Featured Ads

Chabad at Mizzou purchases the home it rented for six years

Last week, Chabad at Mizzou completed the purchase of the house it had been renting for the past six years. Dacie Cowles (far right), along with her son-in law Finley D. Gibbs, officially passes the key to the home to Rabbi Avraham and Channy Lapine (far left)

Rabbi Avraham Lapine and his wife, Channy Lapine, had been renting a Chabad house to serve the Columbia, Missouri, Jewish community for six years.

After years of establishing a place of welcome for Jewish life on campus, the Lapines’ landlord made them an offer to buy the place.

“The time was right,” said Rabbi Lapine, who along with his wife Channy is co-director of Chabad at Mizzou.

The Lapines were committed to creating a permanent local Jewish community. As of Nov. 30, they now own the house they were renting on Brandon Road, the first and only Chabad house in Columbia. Rabbi Lapine sees this not only as a milestone for Columbia, but also as a step for the Jewish community as a whole.

“When a Jewish student or a Jewish person sees Columbia and they know there’s a Chabad out there, they know, ‘Wow, this is a place that has Jewish life,’ ” he said.

Funds for the house came from two sources: a 24-hour fundraiser that started at 2 p.m. Nov. 28 and a matching grant from Chabad on Campus International in Brooklyn. On Nov. 28, $40,000 was raised toward a down payment. They had three matchers, so for every $1 someone gave, it equaled $4. The remaining $60,000 came from the matching grant.

Channy Lapine said people typically create a community that joins together to fund the Chabad house. However, for larger purchases, the organization matches.

The Lapines also feel they’re following the vision of Rebbe Menachem Mendel Schneerson. The Rebbe, who died in 1994, believed there should be Chabad houses all around the world that serve as places of Jewish celebration and presence, an idea that came to him after the Holocaust. The Lapines view their actions as a contribution to that greater goal.

“We’re very humbled and honored,” Rabbi Lapine said.

According to the Chabad website, Chabad-Lubavitch is a movement within Judaism that originated 250 years ago. “Chabad” is a Hebrew acronym standing for wisdom, comprehension and knowledge. “Lubavitch” refers to the movement’s geographical origin: Lyubavichi, a town in Russia.

The Chabad house, on Brandon Road west of MU’s North and South residence halls, is a place where Jewish people can eat kosher food, participate in Shabbat, celebrate Jewish holidays or simply relax.

“It’s exciting because we have a place that’s just dedicated to Chabad programs, Shabbat dinner, holiday programs,” Channy Lapine said. “It’s dedicated to this.”

Rabbi Lapine described the house as a place where Jewish students can have a home away from home. He characterizes Chabad as homestyle-oriented, intended to provide comfort for Jewish students.

“People will find out more about us, and they’ll come and they’ll really enjoy it and want to come back,” Channy Lapine said, “so it’s a place for our community, and it’s also a place for outreach.”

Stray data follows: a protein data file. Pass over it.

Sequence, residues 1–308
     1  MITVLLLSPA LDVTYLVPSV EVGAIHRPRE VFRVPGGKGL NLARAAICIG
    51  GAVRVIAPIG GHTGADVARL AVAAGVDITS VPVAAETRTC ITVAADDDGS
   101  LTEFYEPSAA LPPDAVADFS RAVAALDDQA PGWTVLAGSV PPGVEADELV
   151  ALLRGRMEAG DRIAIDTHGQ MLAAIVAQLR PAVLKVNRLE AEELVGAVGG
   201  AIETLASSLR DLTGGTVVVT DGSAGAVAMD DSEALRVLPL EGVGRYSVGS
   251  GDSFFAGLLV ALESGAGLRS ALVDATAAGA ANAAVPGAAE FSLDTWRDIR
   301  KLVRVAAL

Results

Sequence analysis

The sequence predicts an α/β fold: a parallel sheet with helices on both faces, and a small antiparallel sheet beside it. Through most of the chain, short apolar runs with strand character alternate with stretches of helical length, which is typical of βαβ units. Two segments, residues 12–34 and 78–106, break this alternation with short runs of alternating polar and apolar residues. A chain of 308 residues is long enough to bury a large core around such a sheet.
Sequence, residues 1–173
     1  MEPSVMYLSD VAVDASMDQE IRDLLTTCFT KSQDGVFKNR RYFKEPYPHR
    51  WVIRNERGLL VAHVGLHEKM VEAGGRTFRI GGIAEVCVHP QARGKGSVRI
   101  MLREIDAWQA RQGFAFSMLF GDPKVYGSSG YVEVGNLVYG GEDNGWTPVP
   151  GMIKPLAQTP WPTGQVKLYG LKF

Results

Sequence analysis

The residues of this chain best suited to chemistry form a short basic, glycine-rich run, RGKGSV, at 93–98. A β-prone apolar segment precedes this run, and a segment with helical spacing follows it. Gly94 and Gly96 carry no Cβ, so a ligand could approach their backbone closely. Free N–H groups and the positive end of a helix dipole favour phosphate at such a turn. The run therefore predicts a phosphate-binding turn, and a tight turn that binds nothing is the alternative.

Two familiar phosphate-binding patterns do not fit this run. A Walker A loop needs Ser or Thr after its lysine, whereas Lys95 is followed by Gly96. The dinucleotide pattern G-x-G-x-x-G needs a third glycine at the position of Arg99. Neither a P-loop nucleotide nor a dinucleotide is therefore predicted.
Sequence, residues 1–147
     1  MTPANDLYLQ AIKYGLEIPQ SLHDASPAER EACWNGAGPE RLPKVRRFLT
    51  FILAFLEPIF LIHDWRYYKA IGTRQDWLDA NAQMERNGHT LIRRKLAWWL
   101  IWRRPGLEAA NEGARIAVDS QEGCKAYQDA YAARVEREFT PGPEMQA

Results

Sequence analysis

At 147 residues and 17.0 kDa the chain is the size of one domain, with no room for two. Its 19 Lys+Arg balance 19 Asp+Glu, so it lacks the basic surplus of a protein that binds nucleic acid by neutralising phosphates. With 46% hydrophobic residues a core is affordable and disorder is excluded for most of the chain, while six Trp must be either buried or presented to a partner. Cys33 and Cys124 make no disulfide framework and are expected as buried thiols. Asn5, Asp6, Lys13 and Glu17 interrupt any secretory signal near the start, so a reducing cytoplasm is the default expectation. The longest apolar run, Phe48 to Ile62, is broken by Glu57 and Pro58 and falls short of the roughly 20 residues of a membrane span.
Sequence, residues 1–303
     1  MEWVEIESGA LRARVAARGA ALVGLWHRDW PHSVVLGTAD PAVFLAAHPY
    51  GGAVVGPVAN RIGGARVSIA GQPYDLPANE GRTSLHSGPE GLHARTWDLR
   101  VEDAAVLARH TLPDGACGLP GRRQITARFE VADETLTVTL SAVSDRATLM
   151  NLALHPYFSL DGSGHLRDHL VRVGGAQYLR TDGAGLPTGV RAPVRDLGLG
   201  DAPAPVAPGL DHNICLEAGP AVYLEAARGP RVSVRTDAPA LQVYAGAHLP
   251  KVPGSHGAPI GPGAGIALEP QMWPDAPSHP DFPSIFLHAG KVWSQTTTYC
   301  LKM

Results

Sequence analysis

Another Jewish organization at MU is Mizzou Hillel. Executive director Jeanne Snodgrass described it as “an open and pluralistic space where Jews can come to explore their Jewish identity” and “the whole gamut of what it means to be Jewish.”

Mizzou Hillel takes a focus on identity. Snodgrass said there are plenty of paths in Judaism, so Mizzou Hillel provides students with the opportunity to figure out which is theirs.

Jason Peiser, an MU senior, started visiting the Chabad house his freshman year. It became his second home, Peiser said. He went to the house for Jewish holidays as well as every Friday for Shabbat. He said that, along with other Jewish organizations on campus such as Mizzou Hillel, permanence of the Chabad house on campus will further establish a Jewish presence at MU.

Hillel International estimates there are about 750 undergraduate and graduate students at MU who identify as Jewish.

“I think it’s very important for the future of the Jewish community at Mizzou because now there’s never going to be a question of where Jewish students or Jewish faculty members will have somewhere to go for the holidays or for Shabbat,” Peiser said. “That house is now the Chabad house permanently, so no matter what happens, there’s always a place where a Jewish student can go to feel safe or to celebrate the holidays or Shabbat.”

MU student Sarena Krojanker shared similar sentiments to Peiser. Krojanker said she has visited the house nearly every Friday night for four years when she’s at school. Like Peiser, she considers it her home away from home.

“Purchasing this house not only gives the Jewish students at Mizzou an opportunity to add their own personal touches to the house, but allows us to make the house more welcoming and inviting to all Jewish students in Columbia,” Krojanker said in an email.

She is also hopeful the Chabad house will attract a greater Jewish population to Columbia.

“Hopefully the house will help attract more Jewish students from across the country to come to Mizzou,” Krojanker said. “I hope the house will serve as a place where Jewish students can come together to celebrate our amazing traditions for years to come.”

Rabbi Lapine said this permanence will show that MU has a thriving Jewish community and a permanent Chabad house here “to cater to all the Jews.”

Most important, however, the Lapines want to spread love.

“One of Chabad’s mottos is that we spread love,” Rabbi Lapine said. “It doesn’t matter who you are: Jew, non-Jew, whatever religion you are. Chabad serves everyone with love.”

 

 

This article was originally published by the Columbia Missourian.